So now, tax isn’t dull and boring, or even taboo anymore. It’s on everyone’s lips, it’s making people angry, it’s considered a matter of justice. And what we’re really worked up about is the fact that some big companies, which seem to be doing pretty well for themselves, operating in the UK , benefitting from our infrastructure, aren’t paying any tax. They aren’t giving anything back. Google, Starbucks, Amazon, by clever accounting, have avoided their tax responsibility, while hard-pressed citizens are contributing while their wages are frozen and their hours are cut.

I watched a film last week which showed up how the UK is at the heart of global financial markets and at the heart of systematic global tax dodging. “The UK Gold” is an award-winning film by Mark Donne and Joe Morris and uncovers what is going on under our noses in the City of London.

The film shows, that as the British Empire disappeared, outposts remained in places like the Cayman Islands, Bermuda and British Virgin Islands. Here, laws are passed which are much more for the benefit of other people than the local residents, allowing businesses to record activity there which happens elsewhere. Profits are recorded where tax rates are low or non-existent, et voila! The tax haven is born.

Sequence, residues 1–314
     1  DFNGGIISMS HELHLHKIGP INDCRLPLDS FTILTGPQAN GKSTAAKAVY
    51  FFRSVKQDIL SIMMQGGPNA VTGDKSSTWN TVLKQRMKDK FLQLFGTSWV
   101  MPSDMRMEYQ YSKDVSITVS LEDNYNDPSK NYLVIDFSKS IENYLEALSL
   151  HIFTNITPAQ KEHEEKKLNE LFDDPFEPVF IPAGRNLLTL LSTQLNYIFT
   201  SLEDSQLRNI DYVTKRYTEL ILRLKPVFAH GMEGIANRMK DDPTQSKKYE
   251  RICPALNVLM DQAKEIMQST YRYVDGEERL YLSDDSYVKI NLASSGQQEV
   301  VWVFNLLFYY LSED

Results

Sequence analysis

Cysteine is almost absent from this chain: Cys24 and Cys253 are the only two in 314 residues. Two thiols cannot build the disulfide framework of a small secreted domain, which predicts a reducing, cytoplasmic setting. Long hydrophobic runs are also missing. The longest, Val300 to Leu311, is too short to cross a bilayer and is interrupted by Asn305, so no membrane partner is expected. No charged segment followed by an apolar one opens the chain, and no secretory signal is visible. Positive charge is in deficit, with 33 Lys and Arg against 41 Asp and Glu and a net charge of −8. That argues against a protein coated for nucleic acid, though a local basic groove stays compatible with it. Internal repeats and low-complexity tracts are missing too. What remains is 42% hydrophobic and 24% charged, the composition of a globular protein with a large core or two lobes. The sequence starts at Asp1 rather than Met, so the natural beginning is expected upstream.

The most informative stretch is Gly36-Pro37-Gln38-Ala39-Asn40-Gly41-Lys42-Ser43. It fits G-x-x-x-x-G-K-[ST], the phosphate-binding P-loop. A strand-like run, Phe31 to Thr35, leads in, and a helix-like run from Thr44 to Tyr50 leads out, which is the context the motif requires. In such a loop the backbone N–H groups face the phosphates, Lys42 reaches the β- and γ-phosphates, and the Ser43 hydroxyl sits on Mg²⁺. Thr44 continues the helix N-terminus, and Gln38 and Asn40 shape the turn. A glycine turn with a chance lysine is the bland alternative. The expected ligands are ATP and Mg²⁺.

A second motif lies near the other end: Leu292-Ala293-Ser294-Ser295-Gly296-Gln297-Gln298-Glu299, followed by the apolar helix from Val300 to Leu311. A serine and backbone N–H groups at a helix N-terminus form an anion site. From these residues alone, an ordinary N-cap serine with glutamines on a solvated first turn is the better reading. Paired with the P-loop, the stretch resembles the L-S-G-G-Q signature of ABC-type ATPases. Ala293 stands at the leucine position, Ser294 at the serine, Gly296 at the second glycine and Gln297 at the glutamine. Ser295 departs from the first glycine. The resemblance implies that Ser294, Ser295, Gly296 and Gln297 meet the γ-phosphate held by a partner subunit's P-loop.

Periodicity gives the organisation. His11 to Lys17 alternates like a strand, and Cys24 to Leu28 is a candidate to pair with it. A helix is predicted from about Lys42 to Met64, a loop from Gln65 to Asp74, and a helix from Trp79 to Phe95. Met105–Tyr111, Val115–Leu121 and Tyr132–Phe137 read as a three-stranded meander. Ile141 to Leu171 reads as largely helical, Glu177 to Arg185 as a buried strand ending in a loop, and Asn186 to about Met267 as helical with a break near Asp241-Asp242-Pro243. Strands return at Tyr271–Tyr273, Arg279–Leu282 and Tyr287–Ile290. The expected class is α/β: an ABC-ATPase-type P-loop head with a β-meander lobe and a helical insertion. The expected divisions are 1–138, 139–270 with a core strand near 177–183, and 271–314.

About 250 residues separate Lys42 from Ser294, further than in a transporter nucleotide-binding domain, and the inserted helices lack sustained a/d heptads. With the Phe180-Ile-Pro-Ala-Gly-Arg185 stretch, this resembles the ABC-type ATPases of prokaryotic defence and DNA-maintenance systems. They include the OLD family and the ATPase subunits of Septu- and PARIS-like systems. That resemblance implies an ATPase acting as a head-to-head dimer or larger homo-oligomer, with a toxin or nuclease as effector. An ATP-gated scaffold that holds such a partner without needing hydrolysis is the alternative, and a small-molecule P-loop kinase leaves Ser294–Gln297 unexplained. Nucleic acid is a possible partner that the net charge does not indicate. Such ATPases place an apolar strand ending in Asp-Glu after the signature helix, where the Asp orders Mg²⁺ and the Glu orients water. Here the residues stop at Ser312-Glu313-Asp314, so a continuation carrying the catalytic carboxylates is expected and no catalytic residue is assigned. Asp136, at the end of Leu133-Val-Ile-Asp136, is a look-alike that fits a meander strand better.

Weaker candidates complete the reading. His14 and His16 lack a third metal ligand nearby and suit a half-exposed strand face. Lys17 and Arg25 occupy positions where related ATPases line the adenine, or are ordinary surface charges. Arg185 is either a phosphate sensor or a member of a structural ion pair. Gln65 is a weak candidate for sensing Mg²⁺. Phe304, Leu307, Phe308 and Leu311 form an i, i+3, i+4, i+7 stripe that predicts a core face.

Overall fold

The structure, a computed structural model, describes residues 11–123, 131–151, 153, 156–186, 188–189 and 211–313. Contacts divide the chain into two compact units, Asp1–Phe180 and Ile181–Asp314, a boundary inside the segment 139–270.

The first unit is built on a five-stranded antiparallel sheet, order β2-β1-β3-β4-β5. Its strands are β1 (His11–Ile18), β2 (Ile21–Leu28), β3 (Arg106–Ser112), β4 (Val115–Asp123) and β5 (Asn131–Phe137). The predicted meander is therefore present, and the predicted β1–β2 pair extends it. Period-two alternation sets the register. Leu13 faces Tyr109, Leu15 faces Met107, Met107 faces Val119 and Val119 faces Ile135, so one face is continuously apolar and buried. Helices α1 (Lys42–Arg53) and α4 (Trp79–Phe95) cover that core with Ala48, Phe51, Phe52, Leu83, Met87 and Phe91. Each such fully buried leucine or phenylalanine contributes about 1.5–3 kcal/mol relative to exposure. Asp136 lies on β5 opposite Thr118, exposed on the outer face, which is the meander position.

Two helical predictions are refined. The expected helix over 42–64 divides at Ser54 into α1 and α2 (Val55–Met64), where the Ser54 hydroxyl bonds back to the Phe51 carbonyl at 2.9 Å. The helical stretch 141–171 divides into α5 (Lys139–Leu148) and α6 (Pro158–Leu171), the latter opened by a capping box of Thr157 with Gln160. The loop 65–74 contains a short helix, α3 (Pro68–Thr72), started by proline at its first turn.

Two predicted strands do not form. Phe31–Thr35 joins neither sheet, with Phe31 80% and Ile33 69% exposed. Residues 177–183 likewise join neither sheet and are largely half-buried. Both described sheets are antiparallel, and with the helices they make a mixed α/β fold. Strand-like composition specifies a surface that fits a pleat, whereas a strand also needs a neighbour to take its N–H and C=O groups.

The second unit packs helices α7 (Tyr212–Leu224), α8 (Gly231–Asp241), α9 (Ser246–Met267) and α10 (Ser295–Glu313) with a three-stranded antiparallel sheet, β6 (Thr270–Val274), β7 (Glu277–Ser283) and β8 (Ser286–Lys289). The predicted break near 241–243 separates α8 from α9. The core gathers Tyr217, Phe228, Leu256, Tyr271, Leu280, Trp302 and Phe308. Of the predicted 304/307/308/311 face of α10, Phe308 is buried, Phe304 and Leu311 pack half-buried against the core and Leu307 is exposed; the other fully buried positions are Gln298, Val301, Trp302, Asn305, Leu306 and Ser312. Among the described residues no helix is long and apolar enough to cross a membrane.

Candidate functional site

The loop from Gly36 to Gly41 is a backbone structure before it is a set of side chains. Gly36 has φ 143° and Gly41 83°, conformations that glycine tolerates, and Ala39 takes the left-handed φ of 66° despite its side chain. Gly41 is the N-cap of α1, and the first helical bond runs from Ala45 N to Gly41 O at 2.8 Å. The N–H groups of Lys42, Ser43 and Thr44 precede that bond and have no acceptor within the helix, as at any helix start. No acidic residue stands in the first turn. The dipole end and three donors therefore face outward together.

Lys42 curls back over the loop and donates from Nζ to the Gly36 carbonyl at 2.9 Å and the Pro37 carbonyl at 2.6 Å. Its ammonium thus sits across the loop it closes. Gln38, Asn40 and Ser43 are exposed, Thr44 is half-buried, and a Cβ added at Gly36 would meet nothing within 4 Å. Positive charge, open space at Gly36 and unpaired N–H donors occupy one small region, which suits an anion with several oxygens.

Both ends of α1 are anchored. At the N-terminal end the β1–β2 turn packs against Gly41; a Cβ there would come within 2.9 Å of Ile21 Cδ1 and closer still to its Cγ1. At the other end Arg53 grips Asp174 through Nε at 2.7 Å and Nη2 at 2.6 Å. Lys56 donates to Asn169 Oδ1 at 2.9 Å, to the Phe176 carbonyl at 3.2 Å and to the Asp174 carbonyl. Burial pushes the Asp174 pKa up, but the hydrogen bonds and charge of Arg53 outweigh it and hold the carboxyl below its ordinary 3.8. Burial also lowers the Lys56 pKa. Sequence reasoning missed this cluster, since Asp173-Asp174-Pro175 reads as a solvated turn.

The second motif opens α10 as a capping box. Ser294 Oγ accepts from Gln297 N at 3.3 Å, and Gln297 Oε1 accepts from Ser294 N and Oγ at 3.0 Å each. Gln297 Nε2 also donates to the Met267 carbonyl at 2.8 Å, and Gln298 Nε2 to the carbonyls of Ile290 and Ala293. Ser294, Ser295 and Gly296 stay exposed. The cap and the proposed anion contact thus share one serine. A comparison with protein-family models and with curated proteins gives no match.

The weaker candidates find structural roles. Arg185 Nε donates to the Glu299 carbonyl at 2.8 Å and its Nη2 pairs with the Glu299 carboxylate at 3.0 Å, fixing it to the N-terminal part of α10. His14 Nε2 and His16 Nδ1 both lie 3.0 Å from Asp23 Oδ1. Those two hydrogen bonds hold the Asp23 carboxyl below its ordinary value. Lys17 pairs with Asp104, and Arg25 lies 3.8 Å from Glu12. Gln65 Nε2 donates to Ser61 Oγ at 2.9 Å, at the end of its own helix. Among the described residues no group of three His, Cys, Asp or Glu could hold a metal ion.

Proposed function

But it doesn’t stop there. For me, the real scandal is not what goes on in a far-off sea, but what happens much closer to home. Most companies in the FTSE 100 index have subsidiaries in tax havens. It is these links in the Caribbean, Singapore and Hong Kong which make the City of London so desirable. Whatever the government might say, the City of London has no interest in closing tax loopholes or opening up tax havens to greater scrutiny, or shutting down their existence altogether. And the City of London is pretty good at protecting its own interests.

The UK Gold shows a vicar from Hackney trying to get elected to one of the wards in the square mile of the City of London. The City has its own authority, its own version of democracy (where businesses have far more votes than residents), even its own police and Lord Mayor (not Boris Johnson!). And just to make sure government doesn’t do anything silly like pass a law which might allow some of the trillions of pounds which pass through the city actually benefit the rest of the country, it has its own special seat in the House of Commons and House of Lords. Not a democratically elected seat, but a special one, right next to the Speaker, called the City Remembrancer, so he (and it will be a he) can whisper in the Speaker’s ear and lobby for vested interest in the very heart of our instruments of democracy. I don’t suppose the enormous wealth of the City of London will be included in restrictions on funds spent on lobbying on election issues within 12 months of an election in the proposed gagging law

I had a mix of emotions after the film – ranging from weary cynicism that the world was ever thus, through a despair of impotence, to indignant rage that we are being fleeced right under our very noses. But Billy Bragg, speaking from the mainstage at Greenbelt, said that cynicism is our biggest enemy, and organisations like Christian Aid and Oxfam mean that our rage can be put to work, rather than leaving us impotent.